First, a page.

École 42: A Decade of Revolution in Coding Education and its Global Expansion


A decade since its establishment by Xavier Niel in Paris, École 42 has duplicated its groundbreaking educational model internationally. Aimed at addressing the tech industry’s talent shortage, the school targets 25,000 students globally by 2025. Recent campus openings include Luanda, Angola in July and Antananarivo, Madagascar in September.

Since 2013, École 42 has made a name for itself with its pedagogy based on teamwork and the absence of teachers. It offers free coding education to underprivileged youth. As a tool to repair the “social elevator” in the digital industry, the institution invites all profiles, without prerequisites on diploma, origin, gender, or age. To date, it boasts training 37,000 students, including a 22% female contingent.

The success of École 42’s unique educational approach has seen it exported beyond its seven locations in France. Today, it boasts 50 campuses worldwide, all funded by local partners. These span various regions from America (Quebec, Sao Paulo) to Asia (Tokyo, Seoul, Kuala Lumpur, Abu Dhabi, Bangkok), Europe (Rome, Berlin, London), and as far as Morocco and Australia.

Xavier Niel, the founder of École 42, and the founder of Iliad Group (Free’s parent company), notes that the global expansion has been remarkable. “In the beginning, we thought it would only work in France. The first schools abroad didn’t even have the name 42,” Niel told AFP. He adds that the school’s challenging month-long entrance exam, known as “piscine,” has become well-known to tens of thousands of people across 29 countries.

Mr. Niel’s educational endeavors are also a key diplomatic tool. He was often part of President Emmanuel Macron’s state visit delegations, such as the one in Algeria, where the announcement of a new 42 school was made. This diplomatic role signifies his growing “soft power” and helps to propagate French influence globally.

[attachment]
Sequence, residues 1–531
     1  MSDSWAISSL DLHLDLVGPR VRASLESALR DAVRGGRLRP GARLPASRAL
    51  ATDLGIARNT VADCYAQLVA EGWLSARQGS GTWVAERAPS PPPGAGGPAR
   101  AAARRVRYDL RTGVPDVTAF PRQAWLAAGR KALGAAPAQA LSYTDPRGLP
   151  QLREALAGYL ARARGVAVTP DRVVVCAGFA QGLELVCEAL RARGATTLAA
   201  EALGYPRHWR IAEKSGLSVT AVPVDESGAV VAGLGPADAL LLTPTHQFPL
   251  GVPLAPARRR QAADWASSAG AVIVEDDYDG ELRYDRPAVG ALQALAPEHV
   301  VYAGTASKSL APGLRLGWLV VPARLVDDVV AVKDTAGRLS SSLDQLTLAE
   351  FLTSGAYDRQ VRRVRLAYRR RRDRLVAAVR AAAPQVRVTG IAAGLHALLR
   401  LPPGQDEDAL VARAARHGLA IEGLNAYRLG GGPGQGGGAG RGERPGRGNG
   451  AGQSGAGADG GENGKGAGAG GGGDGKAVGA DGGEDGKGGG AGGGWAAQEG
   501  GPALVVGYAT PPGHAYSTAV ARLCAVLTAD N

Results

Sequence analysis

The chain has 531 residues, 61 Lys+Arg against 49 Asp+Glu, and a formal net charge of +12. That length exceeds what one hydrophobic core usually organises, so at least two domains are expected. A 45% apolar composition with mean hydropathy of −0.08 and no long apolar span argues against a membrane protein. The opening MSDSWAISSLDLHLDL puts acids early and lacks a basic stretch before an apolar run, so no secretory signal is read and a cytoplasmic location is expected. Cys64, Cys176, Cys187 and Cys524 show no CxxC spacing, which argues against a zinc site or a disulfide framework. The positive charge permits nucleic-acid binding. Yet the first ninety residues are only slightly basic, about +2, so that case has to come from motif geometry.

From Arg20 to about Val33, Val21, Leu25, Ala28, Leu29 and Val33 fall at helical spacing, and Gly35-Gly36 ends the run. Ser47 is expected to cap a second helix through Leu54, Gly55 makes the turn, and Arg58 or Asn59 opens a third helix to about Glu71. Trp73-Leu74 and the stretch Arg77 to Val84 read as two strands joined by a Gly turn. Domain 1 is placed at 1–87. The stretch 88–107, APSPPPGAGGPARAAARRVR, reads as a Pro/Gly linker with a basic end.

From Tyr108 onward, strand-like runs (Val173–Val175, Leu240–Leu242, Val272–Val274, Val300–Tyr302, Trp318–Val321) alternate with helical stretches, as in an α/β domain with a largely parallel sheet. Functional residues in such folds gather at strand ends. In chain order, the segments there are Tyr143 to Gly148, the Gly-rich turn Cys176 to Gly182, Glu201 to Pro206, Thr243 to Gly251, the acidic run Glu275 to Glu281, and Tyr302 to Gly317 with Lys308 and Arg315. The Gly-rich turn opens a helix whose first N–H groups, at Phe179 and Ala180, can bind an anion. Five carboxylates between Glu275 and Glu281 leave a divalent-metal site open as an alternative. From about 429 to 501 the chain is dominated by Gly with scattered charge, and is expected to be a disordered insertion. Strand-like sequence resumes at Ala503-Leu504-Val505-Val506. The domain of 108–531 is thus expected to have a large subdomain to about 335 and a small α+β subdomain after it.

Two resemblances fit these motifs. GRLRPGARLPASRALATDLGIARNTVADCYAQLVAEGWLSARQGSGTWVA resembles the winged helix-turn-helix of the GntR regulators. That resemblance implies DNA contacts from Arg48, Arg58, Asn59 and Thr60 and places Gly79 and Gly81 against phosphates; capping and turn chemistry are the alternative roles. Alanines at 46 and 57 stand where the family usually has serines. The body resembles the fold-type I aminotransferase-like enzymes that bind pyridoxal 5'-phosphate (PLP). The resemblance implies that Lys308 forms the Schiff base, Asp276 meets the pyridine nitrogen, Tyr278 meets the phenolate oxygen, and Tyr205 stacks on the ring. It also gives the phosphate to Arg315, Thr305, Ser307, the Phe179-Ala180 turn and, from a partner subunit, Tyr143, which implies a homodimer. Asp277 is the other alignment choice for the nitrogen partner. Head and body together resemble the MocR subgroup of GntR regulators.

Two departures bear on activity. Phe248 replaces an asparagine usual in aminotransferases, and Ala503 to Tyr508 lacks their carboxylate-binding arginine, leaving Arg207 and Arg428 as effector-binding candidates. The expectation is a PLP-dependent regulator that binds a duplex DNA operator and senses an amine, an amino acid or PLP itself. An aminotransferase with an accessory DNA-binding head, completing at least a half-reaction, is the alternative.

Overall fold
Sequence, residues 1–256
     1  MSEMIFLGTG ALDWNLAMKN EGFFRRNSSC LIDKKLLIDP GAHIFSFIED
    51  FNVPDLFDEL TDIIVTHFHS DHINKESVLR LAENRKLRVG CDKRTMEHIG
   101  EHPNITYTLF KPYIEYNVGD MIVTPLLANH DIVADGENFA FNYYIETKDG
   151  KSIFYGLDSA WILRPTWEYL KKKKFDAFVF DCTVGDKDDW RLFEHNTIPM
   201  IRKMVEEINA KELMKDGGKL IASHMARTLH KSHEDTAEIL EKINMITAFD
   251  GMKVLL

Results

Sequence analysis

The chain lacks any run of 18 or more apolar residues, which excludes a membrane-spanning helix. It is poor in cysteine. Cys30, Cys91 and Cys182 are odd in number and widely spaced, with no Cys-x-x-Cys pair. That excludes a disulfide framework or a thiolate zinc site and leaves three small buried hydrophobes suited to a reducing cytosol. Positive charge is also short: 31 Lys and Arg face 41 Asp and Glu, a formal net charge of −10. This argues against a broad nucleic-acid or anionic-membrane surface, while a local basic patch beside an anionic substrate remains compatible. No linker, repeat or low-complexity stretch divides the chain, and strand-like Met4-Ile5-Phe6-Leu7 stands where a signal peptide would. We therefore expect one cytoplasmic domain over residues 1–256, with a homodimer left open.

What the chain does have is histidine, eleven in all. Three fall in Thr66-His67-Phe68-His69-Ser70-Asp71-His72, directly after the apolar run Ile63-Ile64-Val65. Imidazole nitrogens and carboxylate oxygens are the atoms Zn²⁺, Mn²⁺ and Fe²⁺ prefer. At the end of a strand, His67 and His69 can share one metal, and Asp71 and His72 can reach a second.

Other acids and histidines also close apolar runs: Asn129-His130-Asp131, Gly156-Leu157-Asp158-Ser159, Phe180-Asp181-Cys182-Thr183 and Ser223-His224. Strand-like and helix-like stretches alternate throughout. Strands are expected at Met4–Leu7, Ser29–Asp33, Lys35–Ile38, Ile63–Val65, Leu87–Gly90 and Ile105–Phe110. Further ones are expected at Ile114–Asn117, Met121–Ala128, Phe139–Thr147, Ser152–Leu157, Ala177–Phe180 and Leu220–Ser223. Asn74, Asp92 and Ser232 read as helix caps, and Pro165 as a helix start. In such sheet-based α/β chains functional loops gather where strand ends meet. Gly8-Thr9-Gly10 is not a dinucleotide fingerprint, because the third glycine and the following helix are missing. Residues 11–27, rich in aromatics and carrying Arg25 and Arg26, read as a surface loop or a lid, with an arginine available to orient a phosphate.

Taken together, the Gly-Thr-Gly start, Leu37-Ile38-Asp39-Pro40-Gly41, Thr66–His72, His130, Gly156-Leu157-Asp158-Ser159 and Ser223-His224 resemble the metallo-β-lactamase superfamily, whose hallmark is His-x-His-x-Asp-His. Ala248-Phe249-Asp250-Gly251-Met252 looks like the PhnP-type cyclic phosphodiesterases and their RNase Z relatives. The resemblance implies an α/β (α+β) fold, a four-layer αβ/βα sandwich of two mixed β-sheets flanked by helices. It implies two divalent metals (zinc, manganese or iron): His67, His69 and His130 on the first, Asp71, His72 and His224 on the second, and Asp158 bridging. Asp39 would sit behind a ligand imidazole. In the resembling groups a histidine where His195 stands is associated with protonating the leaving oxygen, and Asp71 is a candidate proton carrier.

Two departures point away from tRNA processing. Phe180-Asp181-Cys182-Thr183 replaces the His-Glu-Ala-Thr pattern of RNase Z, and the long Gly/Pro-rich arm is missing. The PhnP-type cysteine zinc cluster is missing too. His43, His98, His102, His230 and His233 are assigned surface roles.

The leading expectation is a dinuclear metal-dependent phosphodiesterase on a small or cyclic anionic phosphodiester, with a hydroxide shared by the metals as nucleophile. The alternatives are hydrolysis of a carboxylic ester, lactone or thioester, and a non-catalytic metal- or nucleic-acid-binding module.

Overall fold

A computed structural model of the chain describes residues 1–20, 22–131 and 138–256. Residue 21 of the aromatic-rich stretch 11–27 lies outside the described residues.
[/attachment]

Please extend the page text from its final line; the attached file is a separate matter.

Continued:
The need for specialized coding training is high as the tech industry continues to grow. The Montaigne Institute estimates that France alone will need to train 845,000 new people between 2023 and 2030 to meet the employment market’s needs. Other French-origin educational initiatives, such as Le Wagon and Simplon, also extend their programs internationally, enhancing French educational influence abroad.

The results speak for themselves. Sophie Viger, École 42’s general manager, confirms a 100% employment rate among the school’s graduates. Many students are scouted by headhunters even before they complete their studies, particularly in burgeoning sectors like artificial intelligence and cybersecurity.

Among the standouts of the 400 startups created by École 42 alumni are Alexis Barreyat and Kévin Perreau, co-founders of BeReal. This social network app was the most downloaded mobile application in the United States in early September, outpacing Instagram, TikTok, and others.


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